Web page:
The trial court found, however, that the understanding of the parties was that the Regents would pay to ABE 5 percent of all rentals received from GSA for periods allocable after the closing date. The court thus concluded that the "general principle" was intended to apply to rentals paid by GSA to the Regents after the closing date whether the rentals were paid pursuant to a renewal, an extension or a new lease just so long as the space and amount of rental was not significantly changed, a fact affirmatively found by the trial court.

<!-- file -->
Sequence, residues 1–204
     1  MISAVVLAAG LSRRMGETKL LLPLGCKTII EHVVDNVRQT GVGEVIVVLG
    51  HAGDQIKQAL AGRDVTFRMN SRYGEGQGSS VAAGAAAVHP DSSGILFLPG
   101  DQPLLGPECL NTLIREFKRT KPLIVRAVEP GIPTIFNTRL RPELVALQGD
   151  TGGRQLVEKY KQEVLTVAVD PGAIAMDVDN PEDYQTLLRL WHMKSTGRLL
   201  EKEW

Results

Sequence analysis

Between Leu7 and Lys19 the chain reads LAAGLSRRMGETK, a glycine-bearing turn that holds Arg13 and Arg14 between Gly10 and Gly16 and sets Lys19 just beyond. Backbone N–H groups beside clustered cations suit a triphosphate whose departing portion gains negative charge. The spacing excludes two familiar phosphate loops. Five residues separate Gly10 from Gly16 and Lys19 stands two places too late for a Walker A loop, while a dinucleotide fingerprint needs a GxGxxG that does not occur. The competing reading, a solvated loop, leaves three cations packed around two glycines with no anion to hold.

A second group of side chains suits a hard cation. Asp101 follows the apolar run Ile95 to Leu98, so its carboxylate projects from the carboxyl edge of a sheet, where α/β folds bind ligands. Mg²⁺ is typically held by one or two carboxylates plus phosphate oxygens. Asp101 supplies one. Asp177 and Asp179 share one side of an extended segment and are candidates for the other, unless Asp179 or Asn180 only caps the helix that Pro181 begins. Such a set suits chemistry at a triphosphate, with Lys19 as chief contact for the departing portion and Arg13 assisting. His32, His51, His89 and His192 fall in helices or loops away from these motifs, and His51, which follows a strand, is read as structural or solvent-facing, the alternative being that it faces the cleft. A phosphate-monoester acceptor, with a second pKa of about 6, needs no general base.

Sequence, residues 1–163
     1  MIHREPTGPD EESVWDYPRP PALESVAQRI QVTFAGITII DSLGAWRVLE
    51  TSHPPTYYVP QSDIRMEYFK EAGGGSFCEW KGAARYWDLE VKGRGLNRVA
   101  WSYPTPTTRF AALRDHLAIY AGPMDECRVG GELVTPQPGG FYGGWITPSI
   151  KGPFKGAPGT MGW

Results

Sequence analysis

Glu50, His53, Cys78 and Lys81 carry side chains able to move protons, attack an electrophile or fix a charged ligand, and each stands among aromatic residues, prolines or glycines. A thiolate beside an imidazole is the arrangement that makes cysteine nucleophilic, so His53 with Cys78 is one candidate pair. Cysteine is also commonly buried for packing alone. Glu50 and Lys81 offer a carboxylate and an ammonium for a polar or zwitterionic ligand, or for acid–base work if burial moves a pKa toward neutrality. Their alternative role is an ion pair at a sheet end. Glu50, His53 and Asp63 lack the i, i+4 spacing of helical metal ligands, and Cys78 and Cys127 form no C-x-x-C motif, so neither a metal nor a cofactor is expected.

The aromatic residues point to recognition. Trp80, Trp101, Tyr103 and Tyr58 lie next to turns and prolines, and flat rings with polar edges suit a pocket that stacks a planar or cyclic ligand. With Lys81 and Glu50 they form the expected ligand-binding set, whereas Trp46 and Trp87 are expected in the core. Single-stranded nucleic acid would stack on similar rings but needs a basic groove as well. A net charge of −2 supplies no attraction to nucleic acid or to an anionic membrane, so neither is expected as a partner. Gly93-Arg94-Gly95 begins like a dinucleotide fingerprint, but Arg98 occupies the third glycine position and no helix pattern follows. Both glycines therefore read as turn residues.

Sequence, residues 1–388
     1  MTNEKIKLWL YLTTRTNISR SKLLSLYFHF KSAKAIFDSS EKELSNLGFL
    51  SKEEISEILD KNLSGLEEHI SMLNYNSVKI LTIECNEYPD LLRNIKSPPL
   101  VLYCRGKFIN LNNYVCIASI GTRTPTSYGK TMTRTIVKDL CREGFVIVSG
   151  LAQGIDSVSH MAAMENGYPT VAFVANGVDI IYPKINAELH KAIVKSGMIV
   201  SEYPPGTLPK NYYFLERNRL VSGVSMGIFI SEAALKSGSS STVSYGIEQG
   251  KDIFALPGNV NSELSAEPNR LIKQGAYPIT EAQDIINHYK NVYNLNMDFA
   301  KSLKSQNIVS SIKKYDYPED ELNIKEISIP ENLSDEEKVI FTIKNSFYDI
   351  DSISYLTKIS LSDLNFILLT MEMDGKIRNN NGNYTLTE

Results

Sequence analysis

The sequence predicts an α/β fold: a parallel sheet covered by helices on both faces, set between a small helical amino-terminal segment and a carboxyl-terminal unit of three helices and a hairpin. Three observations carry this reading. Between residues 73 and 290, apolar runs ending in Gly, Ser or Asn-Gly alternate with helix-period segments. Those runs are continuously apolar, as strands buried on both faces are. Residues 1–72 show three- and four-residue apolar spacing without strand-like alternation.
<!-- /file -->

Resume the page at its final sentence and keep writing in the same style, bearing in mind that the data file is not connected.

The finding by the trial court that a "renewal" includes a continuation of the old by way of a new lease (under substantially the same terms) as well as the actual renewal of an old or existing lease is not without precedent. It is well established that a lease renewal may well be effectuated by way of a new lease. See Walker v. Brooks Simmons Co., 44 Ga. App. 470, 472 (161 SE 659). Indeed, a number of cases have held that under appropriate circumstances the execution of a new lease is indispensable to a renewal. See Hamby & Toomer v. Ga. Iron &c. Co., 127 Ga. 792 (56 SE 1033); Krueger v. Paul, 141 Ga. App. 73 (232 SE2d 611). In deciding whether a succeeding lease is substantially a renewal of a preceding lease or altogether a new lease, the determination can be based on whether the succeeding lease employs drastically different terms, not simply somewhat different considerations, i.e., is the lessee occupying substantially the same space under substantially the same terms? If the succeeding lease employs substantially the same terms as the preceding lease, it may be considered a renewal even though technically a "new" lease. See Hunter v. Benamy Realty Co., 115 Ga. App. 829 (156 SE2d 160).